This “black consciousness” anthem is seemingly a direct response to the racial tension that has flared monstrously across the United States in the last two years.
“Formation’s references are designed for maximum resonance – or perhaps alienation, depending on where you stand,” wrote Alex Macpherson in the Guardian. “It’s a song ostensibly about Beyoncé’s identity that forces the listener to acknowledge their own identity – a bold move from the world’s biggest pop star, who over her career has been no stranger to the kind of song written so vaguely as to apply to anyone and anything.”
With its bold imagery – a flooded New Orleans, the colonial era garb of slave owners, and a graffiti message reading ‘STOP SHOOTING US’ – Beyonce’s surprise Super Bowl single was sure to cause a stir. Opinion pieces have strewn from every possible outlet, praising it, probing it, and picking over its politics. Those who have taken issue with the underlying “black power” message in Beyonce’s song and video probably aren’t too familiar with black history.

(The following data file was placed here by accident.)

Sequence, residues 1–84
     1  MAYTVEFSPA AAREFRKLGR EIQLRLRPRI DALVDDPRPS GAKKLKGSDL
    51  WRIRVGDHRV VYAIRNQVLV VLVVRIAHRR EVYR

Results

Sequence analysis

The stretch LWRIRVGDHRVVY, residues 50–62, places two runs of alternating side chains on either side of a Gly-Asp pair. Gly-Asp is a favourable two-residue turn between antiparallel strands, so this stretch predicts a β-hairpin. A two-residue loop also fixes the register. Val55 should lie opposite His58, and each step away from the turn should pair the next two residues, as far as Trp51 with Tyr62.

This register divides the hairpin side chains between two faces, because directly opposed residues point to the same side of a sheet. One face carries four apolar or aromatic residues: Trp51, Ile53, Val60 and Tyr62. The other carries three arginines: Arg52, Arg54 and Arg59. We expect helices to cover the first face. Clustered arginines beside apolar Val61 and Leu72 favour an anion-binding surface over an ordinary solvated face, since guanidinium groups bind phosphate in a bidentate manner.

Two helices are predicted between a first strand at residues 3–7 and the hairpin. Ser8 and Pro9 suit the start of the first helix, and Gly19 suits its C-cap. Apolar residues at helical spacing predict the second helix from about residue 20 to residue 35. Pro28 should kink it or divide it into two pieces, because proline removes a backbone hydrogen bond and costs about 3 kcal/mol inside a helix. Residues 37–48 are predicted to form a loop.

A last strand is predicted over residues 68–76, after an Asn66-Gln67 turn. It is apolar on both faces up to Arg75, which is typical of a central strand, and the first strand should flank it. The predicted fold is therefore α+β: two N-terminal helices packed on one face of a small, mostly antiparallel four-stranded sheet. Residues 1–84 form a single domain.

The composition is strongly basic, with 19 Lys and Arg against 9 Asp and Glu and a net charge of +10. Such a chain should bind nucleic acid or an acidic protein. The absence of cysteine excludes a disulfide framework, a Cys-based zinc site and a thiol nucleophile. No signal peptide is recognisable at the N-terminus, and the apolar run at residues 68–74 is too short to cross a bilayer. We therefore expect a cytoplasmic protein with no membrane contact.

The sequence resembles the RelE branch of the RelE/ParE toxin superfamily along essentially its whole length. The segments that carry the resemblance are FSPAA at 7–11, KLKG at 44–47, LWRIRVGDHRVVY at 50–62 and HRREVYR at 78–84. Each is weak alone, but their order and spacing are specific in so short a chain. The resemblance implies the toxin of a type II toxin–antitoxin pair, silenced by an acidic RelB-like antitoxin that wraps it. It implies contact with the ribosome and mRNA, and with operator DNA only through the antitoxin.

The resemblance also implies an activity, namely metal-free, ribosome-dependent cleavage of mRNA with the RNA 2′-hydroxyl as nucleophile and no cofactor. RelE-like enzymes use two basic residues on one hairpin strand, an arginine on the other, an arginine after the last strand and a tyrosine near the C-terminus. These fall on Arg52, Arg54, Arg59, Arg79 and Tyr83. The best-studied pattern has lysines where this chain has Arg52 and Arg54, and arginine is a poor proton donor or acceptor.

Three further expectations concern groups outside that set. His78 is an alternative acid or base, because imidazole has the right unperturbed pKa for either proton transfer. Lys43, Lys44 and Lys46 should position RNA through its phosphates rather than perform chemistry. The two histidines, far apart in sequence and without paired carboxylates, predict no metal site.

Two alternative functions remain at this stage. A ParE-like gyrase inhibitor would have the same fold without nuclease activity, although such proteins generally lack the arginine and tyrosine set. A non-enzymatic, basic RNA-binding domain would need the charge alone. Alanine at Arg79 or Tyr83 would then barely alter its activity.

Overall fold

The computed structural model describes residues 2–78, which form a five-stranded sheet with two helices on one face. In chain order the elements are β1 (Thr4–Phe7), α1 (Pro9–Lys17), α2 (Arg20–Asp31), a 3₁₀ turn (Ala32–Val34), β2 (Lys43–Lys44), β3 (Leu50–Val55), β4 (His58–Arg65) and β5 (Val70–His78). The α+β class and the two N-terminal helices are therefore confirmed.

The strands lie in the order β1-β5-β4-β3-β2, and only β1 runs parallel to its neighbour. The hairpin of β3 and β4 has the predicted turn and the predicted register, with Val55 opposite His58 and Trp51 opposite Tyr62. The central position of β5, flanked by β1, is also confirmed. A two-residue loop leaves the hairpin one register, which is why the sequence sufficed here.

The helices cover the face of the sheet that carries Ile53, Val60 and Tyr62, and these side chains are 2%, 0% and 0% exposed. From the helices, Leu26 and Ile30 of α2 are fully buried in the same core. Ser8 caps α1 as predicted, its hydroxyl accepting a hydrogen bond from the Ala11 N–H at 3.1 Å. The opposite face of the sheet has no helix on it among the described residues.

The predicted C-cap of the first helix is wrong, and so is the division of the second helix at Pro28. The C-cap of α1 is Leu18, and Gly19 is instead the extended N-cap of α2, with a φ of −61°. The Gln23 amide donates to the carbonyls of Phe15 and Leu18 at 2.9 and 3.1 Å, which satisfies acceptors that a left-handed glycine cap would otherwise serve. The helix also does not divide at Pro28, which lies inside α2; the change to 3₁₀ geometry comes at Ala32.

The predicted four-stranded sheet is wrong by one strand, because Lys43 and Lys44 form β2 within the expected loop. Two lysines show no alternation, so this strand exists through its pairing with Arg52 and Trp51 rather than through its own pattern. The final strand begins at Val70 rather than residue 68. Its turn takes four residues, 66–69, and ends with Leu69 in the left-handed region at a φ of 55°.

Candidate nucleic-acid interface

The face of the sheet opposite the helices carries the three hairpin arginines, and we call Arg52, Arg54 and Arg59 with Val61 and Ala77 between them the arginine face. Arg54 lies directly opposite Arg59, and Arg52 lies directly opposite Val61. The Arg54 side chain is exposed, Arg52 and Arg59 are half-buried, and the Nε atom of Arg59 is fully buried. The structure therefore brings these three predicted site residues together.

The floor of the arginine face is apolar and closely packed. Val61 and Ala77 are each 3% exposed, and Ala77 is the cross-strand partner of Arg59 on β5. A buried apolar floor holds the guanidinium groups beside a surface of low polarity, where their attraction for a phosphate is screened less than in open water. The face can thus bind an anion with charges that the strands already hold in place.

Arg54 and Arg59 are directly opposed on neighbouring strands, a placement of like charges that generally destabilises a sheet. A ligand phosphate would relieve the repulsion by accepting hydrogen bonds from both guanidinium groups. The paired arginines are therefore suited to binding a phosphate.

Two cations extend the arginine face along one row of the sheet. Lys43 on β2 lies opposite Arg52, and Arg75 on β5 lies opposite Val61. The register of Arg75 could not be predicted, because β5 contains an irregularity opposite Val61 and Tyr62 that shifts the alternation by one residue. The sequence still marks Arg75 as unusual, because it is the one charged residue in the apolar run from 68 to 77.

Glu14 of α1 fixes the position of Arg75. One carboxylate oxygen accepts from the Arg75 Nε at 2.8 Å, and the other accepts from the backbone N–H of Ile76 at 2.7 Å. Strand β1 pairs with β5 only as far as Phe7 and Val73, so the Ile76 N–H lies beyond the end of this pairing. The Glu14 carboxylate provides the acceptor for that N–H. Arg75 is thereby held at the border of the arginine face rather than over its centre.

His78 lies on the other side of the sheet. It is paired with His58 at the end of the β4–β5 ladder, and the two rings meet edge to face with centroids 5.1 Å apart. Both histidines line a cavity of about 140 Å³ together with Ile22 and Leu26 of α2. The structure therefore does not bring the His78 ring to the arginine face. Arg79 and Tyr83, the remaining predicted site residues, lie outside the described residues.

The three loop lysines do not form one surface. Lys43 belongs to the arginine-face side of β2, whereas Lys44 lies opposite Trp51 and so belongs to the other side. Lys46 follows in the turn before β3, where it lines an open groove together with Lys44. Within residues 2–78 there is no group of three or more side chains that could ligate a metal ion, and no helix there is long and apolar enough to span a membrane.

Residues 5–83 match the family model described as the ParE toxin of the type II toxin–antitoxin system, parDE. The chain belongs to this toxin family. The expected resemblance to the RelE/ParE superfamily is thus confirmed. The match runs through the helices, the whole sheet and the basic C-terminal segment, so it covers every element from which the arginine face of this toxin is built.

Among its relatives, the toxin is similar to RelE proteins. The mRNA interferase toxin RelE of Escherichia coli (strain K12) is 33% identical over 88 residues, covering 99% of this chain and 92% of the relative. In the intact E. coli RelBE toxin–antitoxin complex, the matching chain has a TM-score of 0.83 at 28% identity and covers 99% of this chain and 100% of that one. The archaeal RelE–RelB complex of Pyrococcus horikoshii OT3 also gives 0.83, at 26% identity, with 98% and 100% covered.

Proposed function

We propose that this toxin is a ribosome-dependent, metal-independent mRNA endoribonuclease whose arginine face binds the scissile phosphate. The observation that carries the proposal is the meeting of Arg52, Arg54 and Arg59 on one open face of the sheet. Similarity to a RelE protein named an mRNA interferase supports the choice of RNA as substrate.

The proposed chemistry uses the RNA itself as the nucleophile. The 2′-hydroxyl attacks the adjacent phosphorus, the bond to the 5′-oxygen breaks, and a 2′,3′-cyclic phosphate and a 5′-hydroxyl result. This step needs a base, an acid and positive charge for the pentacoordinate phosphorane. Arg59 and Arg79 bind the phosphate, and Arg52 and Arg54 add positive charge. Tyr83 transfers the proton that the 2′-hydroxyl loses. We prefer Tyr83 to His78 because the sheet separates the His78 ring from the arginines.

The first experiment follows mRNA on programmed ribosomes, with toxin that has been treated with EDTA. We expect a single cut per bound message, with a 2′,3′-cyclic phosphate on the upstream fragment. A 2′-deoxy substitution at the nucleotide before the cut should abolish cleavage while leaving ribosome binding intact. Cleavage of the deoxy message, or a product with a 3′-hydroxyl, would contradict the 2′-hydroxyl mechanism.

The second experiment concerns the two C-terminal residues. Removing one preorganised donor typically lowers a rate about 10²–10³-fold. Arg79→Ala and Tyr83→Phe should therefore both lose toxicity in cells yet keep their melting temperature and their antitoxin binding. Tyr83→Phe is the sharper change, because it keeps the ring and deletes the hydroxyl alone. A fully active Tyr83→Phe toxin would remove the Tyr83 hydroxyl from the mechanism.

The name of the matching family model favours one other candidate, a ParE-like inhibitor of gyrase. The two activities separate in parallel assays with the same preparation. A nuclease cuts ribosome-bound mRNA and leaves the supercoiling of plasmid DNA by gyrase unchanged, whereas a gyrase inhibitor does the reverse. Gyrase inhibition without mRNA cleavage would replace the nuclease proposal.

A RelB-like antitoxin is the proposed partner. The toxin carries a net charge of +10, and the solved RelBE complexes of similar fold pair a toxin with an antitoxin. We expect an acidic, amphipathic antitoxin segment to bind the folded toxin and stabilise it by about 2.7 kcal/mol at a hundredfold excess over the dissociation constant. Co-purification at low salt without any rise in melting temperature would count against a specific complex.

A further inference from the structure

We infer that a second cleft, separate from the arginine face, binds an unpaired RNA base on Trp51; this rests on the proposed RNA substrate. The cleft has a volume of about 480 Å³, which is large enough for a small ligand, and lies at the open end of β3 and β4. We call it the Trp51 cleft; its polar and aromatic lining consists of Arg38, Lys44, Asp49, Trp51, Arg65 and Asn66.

The messages and imagery in ‘Formation’, none of it is ‘new’ per se. Just before Christmas, hip hop artist Jidenna dropped a no-nonsense video to his ‘Long Live the Chief’ single, which featured striking visual symbolism itself. And to look even further back to the not-too-distant past where black consciousness began to flourish, musician Erykah Badu presented a two-part Radio 4 documentary into the role black music and art played in the black community after the 1960s Civil Right Movement.
But, naturally, the reason some people are wising up these views – for black rights – as “controversial” now is because Beyoncé has made it clear that she shares them. Upsetting the natural order – and presumable those who’d prefer she remain some kind of robotic pop idol – Beyoncé’s latest single is the continuum of a long line of artworks about black rights.
Formation is available to stream now.
- ‘Skipping Stones (feat. Jhené Aiko)’ by Gallant (produced by Adrian Younge, co-produced by Stint)
- ‘Who Am I’ by Katy B, Craig David & Major Lazer
- ‘Never Find Another’ by Kenzie May
- ‘Lvlup’ by Liana Banks
- ‘One Time (Louis Futon Remix)’ by Marian Hill
- ‘Sweet Waste of Time’ by Tayá
Image: Parkwood Entertainment/Columbia Records